Alexander S. Agadjanian, Scott M. Kenworthy. Understanding World Christianity: Russia. Minneapolis, Minnesota: Fortress Press, 2021. 311 pp. $29.00 (paper), ISBN 978-1-4514-7250-9.
Reviewed by Sebastian Rimestad
Published on H-Russia (July, 2022)
Commissioned by Eva M. Stolberg (University of Duisburg-Essen, Germany)
At a time when knowledge about Russian society is in high demand due to the country’s ongoing aggressive war in Ukraine, this new volume by the American historian of religion Scott Kenworthy and his Russian colleague Alexander Agadjanian, published a few months before the start of the hostilities, is very timely. It purports to provide a comprehensive overview of the role the Christian religion has played and plays in Russian society. Reading the book against the backdrop of Russian aggression in Ukraine can help provide vital background information necessary to understand the religious aspects of the ongoing conflict. The two authors show a thorough understanding of the subject matter and neither embellish nor demonize Russia and Russian society.
The volume is a welcome introduction to the Orthodox Church as it presents itself in Russia today from a largely nontheological perspective. Instead of dwelling lengthily on theological differences between Eastern and Western Christianity, Kenworthy and Agadjanian concisely focus on Russian Christianity as it developed historically and is lived today. There are few redundancies and the authors masterfully weave the complex realities of the Orthodox Church in Russia into a coherent narrative that remains engaging and challenging throughout.
The structure of the volume is organized along the line common to all books in the series Understanding World Christianity, which is a refreshing take on Russian religious history. Instead of the traditional three headings, history, theology, and contemporary developments, the authors have used this structure to offer an innovative angle to studying the church in Russia. The first chapter offers some fundamental theological distinctions under the heading “denominational identities,” a chapter that is clearly addressed to a North American audience. The concept of denomination is alien to both Russia and most of Europe, but this problem has been succinctly solved by focusing on the very basics of Orthodox Christianity.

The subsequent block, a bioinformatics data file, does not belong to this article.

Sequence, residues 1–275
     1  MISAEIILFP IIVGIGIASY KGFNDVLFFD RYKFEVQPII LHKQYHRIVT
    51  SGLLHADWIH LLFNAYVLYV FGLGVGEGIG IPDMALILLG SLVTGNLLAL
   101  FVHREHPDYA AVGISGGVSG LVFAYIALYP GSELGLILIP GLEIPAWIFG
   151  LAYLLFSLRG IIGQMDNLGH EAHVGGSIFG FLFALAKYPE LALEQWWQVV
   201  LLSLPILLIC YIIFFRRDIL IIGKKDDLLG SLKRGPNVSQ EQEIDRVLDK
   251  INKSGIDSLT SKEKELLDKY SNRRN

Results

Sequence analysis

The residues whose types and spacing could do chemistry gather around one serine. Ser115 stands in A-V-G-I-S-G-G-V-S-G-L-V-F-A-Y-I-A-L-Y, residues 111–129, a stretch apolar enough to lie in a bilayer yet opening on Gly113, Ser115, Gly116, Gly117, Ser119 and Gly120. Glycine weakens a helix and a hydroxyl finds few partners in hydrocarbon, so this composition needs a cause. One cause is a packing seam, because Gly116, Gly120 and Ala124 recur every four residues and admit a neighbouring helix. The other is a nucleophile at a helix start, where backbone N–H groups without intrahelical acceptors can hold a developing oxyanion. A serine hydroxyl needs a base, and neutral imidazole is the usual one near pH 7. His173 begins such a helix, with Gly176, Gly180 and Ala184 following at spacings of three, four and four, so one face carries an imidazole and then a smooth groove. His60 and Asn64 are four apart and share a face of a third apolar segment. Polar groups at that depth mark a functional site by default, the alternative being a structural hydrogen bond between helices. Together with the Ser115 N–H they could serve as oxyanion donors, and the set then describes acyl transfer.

The second chapter is concerned with geography, breaking up the monolithic image of a Russian church that is the same across the vast territorial expanse of the Russian Federation. While the third chapter, on Russian church history, is rather classic, chapter 4, on a biographic approach, is again innovative. Juxtaposing the parallel biographies of four important church figures all born in the 1860s, Kenworthy and Agadjanian are able to tangibly explain the tribulations of the first half of the twentieth century in various parts of the Russian church without having to resort to redundancies. The remaining biographies in this chapter are not as interwoven and overlapping, but still very well clarify the lives of important Orthodox Russians.
Chapter 5, on theology, covers a number of developments that partly parallel the biographical data in the preceding chapter, but extensive cross-referencing avoids repetition also here. The final chapter, on the twenty-first century, is a chilling reminder that the signs for Russian military aggression in a self-proclaimed culture war have been clearly visible for some time already, although less aggressive tendencies are also mentioned—tendencies that are heavily discouraged in the current militarized climate in Russia.
All in all, the volume by Kenworthy and Agadjanian is a very well accomplished undertaking that provides both a thorough introduction for people without prior knowledge as well as a fresh and comprehensive look at a variety of aspects that might have escaped the attention of experts in the field. The decent but careful inclusion of references to recent English-language scholarship on many specific facets of Russian Christianity is also an important reminder that the complexity of the subject matter can be expanded at will. However, the two authors have made a formidable job at containing this complexity within the bounds of this volume without oversimplifying or confusing the reader. The book thus promises to become the go-to introductory volume for students and other readers interested in the story of Christianity in Russia—also, and maybe especially—after the end of the war in Ukraine.
If there is additional discussion of this review, you may access it through the network, at: https://networks.h-net.org/h-russia.
Sebastian Rimestad. Review of Agadjanian, Alexander S.; Kenworthy, Scott M., Understanding World Christianity: Russia.
H-Russia, H-Net Reviews.
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